British man dying with human variant of ‘mad cow disease’ to become first to be given the only cure for the disease
A British man dying with CJD is to become the first person in the world to receive the only treatment for the disease.
A judge at the Court of Protection last night gave the go-ahead for the pioneering treatment.
Until now there has been no treatment for Creutzfeldt-Jakob disease – the human variant of bovine spongiform encephalopathy (BSE), known as ‘mad cow disease’.
The disease is rare but fatal, usually killing patients within six weeks.
Scientists at University College London’s Prion Unit, which was established by the Government in the wake of the 1990s BSE outbreak, have spent 20 years working on the treatment.
Scientists at University College London’s Prion Unit, which was established by the Government in the wake of the 1990s BSE outbreak, have spent 20 years working on the treatment, a synthetic antibody called PRN100 [File photo]
The treatment – called PRN100 – is a synthetic antibody they hope will stop CJD attacking the brain.
Laboratory tests have been encouraging but until now no human has received the treatment.
The difficulty has been that the treatment is experimental, unproven and may prove dangerous.
Because CJD strikes so quickly, by the time patients are diagnosed they often do not have the mental capacity to consent to receiving the treatment.
But last night Mr Justice Cohen gave specialists the go-ahead to treat a man with sporadic CDJ after analysing evidence at a hearing in London.
The family of the man, who is married and comes from eastern England, requested the treatment.
Mr Justice Cohen, who ruled the patient could not be identified or his age given, said: ‘Every day he spends with his family is special to him.
‘He wants that to continue as long as possible.
‘It seems to me it is plainly in his best interests that he should have treatment and that I should approve it.’
Professor John Collinge, director of the Prion Unit, said: ‘This is a very important milestone for us and for patients.
Until now there has been no treatment for CJD – the human variant of bovine spongiform encephalopathy, known as ‘mad cow disease’ [File photo]
WHAT IS CREUTZFELDT-JAKOB DISEASE?
Creutzfeldt-Jakob disease (CJD) is a rare, fatal condition that causes irreversible brain damage.
It affects around three in every one million people annually in the US. Its UK prevalence is unknown.
Symptoms, which worsen rapidly over time, include:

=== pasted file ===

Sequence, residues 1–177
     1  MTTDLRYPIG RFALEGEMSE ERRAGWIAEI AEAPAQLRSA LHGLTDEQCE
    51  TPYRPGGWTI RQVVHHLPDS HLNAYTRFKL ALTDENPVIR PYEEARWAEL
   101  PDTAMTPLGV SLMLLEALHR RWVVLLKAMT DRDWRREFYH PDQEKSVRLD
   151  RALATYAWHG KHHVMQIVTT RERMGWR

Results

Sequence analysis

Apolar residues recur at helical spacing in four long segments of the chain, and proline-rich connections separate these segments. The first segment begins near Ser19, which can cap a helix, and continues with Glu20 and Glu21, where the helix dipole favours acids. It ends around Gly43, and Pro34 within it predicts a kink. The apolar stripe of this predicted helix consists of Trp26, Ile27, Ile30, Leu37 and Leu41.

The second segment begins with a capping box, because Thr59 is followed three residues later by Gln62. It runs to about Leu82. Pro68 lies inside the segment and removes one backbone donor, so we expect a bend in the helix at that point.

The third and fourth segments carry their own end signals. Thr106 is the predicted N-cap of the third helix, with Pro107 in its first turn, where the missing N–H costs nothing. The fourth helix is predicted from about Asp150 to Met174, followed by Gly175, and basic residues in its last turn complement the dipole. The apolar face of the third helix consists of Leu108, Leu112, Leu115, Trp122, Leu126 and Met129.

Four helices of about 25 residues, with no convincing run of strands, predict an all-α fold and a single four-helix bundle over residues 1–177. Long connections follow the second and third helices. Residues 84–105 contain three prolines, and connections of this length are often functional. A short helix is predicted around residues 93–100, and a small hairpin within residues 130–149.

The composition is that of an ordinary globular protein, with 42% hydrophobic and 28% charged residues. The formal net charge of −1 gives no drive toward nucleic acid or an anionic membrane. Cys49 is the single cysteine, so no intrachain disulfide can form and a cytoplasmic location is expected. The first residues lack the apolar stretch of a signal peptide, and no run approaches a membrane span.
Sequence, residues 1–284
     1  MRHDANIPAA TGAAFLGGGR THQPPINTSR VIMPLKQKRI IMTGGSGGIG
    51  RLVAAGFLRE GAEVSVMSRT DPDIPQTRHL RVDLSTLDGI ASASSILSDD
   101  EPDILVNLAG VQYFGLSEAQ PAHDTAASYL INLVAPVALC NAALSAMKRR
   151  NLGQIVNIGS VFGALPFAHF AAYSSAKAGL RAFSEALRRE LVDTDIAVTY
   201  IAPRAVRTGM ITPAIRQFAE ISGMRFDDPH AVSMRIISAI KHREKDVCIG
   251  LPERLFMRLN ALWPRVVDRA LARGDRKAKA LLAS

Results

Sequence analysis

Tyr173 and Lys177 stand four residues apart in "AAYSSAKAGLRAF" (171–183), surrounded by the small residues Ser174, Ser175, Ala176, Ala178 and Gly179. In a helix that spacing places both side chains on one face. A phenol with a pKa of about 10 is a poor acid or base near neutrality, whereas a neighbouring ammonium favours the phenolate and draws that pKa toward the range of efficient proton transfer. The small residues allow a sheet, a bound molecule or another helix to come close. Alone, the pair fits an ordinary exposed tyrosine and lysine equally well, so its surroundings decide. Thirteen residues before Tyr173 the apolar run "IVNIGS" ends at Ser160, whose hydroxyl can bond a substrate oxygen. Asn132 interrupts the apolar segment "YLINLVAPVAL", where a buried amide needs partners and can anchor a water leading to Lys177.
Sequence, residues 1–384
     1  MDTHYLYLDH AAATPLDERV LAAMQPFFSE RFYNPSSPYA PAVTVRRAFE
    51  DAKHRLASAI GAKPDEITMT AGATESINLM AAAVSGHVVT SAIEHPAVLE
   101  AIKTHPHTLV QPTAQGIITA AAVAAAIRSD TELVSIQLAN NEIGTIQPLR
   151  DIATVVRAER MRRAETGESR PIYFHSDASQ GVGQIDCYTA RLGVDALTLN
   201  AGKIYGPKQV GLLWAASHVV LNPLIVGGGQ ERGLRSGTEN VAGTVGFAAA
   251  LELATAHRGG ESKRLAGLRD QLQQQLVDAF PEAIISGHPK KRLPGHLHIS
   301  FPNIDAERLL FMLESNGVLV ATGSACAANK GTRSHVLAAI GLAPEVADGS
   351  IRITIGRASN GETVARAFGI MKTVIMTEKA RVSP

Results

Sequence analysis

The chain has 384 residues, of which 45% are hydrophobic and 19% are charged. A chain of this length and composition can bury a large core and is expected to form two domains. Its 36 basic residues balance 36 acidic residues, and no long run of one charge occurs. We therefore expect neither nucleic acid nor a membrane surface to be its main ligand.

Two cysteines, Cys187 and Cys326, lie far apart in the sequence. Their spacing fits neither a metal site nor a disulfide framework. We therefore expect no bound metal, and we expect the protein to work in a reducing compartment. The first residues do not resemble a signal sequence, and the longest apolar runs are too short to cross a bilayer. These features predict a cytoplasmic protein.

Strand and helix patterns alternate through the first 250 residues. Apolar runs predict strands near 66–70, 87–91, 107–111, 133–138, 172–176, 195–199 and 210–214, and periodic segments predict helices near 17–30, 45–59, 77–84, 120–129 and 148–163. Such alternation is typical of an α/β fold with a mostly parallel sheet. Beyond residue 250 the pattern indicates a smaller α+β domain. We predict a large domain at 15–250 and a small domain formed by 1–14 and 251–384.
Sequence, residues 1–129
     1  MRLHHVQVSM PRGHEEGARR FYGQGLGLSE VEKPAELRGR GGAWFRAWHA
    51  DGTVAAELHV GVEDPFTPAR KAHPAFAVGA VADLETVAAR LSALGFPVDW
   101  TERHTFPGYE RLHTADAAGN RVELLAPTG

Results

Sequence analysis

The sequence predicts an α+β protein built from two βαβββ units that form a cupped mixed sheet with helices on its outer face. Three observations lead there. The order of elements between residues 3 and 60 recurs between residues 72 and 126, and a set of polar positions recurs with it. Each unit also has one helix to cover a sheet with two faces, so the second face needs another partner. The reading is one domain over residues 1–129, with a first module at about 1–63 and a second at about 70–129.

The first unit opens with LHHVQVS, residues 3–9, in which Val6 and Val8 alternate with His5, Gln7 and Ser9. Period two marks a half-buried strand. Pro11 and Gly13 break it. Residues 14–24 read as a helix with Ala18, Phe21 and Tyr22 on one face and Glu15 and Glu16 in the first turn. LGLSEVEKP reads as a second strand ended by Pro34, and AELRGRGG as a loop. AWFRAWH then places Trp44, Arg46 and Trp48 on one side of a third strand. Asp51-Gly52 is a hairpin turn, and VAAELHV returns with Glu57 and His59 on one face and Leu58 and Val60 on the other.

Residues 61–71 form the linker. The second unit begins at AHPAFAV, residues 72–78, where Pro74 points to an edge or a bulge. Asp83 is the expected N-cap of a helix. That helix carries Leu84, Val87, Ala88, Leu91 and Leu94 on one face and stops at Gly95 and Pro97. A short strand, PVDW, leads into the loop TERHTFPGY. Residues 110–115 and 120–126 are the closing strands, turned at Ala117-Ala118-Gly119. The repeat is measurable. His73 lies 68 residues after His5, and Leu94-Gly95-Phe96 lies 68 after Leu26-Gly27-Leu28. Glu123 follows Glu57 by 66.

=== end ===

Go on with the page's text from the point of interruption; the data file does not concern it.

Most sufferers die within a year of symptom onset, usually due to an infection caused by immobility.
CJD occurs due to abnormal proteins known as prions, which cause nerve-cell damage.
Prions can occur spontaneously, be inherited or transmitted on contaminated surgical equipment.
There is no cure.
Treatment focusces of relieving symptoms and making sufferers comfortable via painkillers and antidepressants.
Source: NHS Choices
‘As this is the first time this treatment has been used in humans we cannot predict what the outcome will be but laboratory testing has shown the potential to treat prion infection.
‘A key issue will be whether a sufficient quantity of the drug is able to cross the blood brain barrier to reach the brain tissue where it needs to work.
‘We will proceed with extreme caution in very tightly controlled conditions. A team of experts from a range of disciplines will make collective decisions in the best interests of the patient.’
Sporadic CJD, the most common form of the disease in humans affects roughly 90 people in the UK every year.
It is similar to the variant CJD form, which is thought to be caused by eating meat from cows with BSE.
CJD is caused when healthy proteins which exist normally in the human body become spontaneously misshapen and build up in the brain.
These misshapen proteins, which are called prions, stick to other healthy proteins causing them to become misshapen too and the disease spreads through the brain.
Normally the human immune system produces antibodies to fight infections which invade the body.
But because abnormal prions are made of one of the body’s own proteins, the immune system cannot recognise or fight them.
The PRN100 treatment uses an artificial antibody which stops prions sticking to healthy proteins.
The man will initially receive the treatment by a drip into a vein in his arm and will be monitored around the clock by a team of experts from University College London Hospital.
The treatment is not expected to reverse any brain damage that has already occurred – but the team hopes it will halt further damage.
Professor Marcel Levi, chief executive of University College London Hospitals NHS Foundation Trust, said: ‘CJD is a rare and cruel disease which rapidly destroys the brain, affecting memory, thinking, speech, balance, movement and behaviour.
‘There is currently no cure or treatment for CJD. At present, caring for patients with CJD involves trying to use medicines to alleviate symptoms only but sadly, the disease always results in the rapid death of the patient.
‘The court’s confirmation today is an important step forward in tackling this devastating illness.’
Colin Beatty, of the Cure CJD campaign, said: ‘It’s true that the treatment carries potential risks, and the benefits are not yet certain, but without it, there is no hope. The only certainty with CJD is death.’